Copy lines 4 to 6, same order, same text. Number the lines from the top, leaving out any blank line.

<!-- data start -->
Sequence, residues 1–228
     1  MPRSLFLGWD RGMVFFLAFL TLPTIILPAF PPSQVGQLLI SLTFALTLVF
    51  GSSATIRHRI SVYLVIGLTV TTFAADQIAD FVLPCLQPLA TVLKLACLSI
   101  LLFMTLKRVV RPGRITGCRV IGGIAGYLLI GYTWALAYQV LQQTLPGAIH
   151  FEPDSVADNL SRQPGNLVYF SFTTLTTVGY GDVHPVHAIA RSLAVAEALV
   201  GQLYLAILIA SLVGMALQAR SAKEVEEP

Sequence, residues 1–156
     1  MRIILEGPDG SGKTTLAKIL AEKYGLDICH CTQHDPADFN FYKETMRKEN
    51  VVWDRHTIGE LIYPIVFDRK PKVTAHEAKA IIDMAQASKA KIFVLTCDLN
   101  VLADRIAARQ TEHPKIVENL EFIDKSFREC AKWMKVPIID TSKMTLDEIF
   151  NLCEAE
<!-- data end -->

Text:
   101  LLFMTLKRVV RPGRITGCRV IGGIAGYLLI GYTWALAYQV LQQTLPGAIH
   151  FEPDSVADNL SRQPGNLVYF SFTTLTTVGY GDVHPVHAIA RSLAVAEALV
   201  GQLYLAILIA SLVGMALQAR SAKEVEEP